In a show of community support that extends beyond the store walls and the well-known names, Lakewinds is initiating a partnership with the Linden Hills Farmers Market to purchase any remaining stock directly from the farmers when the market closes each week. This will expand Lakewinds’ sources for local produce and offer smaller local farmers a chance to scale up their production, knowing that if they bring too many radishes to the market, there will be a buyer waiting to scoop up all their surplus. Lakewinds plans to eventually bring this partnership to other nearby farmers’ markets.
Setting aside for a moment the merits of shopping for the greater good, Lakewinds Food Co-op is beautiful store. The 22,000-square-foot modern building, designed by Charles Levin Architects, sits on the former site of the Lyndale Garden Center, which closed in 2006 and had fallen into disrepair. The interior is bright and vast. The aisles are wide enough to push two carts abreast with elbow room to spare. The logo and signage, all designed in-house, are fun and colorful. Conveniences abound in addition to the grocery offerings. There will be a 100% organic salad bar, a deli, a sushi bar, the Lakewinds Bakehouse (helmed by Andy Mooney, formerly of Patisserie 46), the aforementioned Peace Coffee, a wellness section with everything from natural makeup to baby products, and a roomy cafe with ample space to sit and enjoy a meal and a neighborly conversation.
Greg Dick, the store manager, put it best: “It’s a great store, but it’s the people that differentiate us.” The co-op’s values and decades-long history are always in sight, spelled out on signs and illustrated on two murals commissioned by Minneapolis’s muralist laureate Adam Turman. The exterior mural depicts a bounty of fruits and grains bordered by Lakewinds’ symbols for “peace, love, and farming.” In the cafe sitting area, a second mural features a vista of rolling hills, with Lakewinds’ original location (known affectionately as the “Red Shack”) and Lakewinds’ newest location on the road to Minneapolis, all ringed by fruits, vegetables, grains and flowers.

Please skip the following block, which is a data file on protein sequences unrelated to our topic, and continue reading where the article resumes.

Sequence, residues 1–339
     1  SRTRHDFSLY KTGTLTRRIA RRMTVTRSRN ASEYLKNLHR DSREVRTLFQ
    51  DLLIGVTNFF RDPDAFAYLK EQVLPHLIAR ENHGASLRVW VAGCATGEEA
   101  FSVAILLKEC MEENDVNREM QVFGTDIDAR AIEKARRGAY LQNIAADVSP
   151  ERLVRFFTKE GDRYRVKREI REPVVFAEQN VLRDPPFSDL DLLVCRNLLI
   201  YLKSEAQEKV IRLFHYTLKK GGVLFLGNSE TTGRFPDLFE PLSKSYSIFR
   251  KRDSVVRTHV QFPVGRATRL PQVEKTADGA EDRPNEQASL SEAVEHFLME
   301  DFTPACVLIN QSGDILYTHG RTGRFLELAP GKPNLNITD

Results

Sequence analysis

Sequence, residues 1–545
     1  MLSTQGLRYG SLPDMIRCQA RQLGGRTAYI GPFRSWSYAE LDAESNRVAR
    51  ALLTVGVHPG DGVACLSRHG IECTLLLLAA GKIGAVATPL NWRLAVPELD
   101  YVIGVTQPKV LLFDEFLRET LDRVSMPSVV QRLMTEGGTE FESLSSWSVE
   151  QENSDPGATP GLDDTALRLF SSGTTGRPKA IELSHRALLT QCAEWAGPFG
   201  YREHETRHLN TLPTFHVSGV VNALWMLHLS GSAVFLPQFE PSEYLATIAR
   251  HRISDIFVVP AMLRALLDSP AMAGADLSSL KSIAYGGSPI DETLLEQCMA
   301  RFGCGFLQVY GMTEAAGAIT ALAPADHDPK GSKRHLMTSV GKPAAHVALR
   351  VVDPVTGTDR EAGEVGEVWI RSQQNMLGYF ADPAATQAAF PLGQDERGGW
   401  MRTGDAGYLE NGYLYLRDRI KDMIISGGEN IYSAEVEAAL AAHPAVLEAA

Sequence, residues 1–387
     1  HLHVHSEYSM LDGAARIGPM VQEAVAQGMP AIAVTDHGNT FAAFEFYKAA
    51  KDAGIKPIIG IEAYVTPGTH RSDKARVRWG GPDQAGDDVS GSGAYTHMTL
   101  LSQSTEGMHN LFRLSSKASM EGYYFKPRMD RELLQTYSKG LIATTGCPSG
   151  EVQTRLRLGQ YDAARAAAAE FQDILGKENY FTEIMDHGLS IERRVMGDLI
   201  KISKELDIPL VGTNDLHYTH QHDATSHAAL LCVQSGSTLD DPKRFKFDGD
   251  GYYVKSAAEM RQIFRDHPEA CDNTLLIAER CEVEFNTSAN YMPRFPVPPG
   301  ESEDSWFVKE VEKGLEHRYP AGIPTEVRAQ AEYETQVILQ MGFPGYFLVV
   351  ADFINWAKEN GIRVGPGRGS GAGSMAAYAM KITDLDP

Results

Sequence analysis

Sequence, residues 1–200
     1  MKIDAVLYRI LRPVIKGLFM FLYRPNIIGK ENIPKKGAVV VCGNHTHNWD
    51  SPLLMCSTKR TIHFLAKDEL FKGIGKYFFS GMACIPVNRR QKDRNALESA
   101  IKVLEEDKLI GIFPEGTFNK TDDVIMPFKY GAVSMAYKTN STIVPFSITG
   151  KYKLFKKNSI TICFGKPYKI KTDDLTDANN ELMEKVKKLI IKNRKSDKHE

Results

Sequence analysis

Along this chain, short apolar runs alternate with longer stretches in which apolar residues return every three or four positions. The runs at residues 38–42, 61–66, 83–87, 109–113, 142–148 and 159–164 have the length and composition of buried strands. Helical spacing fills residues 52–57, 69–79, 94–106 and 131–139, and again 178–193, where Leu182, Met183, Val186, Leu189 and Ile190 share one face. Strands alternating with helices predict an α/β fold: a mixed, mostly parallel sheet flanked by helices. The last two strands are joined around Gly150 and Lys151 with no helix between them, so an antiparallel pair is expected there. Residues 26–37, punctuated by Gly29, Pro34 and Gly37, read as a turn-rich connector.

The co-op is the first component of Lyndale Gardens to be completed. Construction on the public amenities will begin this summer, including an outdoor stage, a seasonal splash pad / ice-skating rink, and a bridge connecting the area with a walking path around Richfield Lake. There are plans for 150 units of family housing (a mixture of market rate and affordable units) and 10,000 square feet of local restaurants and local shops. The town center will be easily accessible by bicycle and public transit. Cornerstone is working with Richfield and community partners to create a place where people of all backgrounds can gather. “Great communities happen where art and nature and healthy living come together in one place,” said Colleen Carey of The Cornerstone Group. It’s a lofty vision, and Lakewinds is a defining first step.
Lakewinds is not your hippie uncle’s dusty, patchouli-scented co-op (though you’re bound to bump into him here). Rather it is positioned as a welcoming and mainstream alternative to both high-end and value grocery stores. If the steady stream of curious onlookers passing through the parking lot is any indication, the community is ready join Lakewinds in a mutual embrace. And situated two scant blocks south of the Minneapolis city limits, Lakewinds is poised to once again make Richfield the breadbasket for the city to the north.
Lakewinds Food Co-Op, Richfield Location, 6420 Lyndale Ave. South, Richfield, MN, 612.814.8000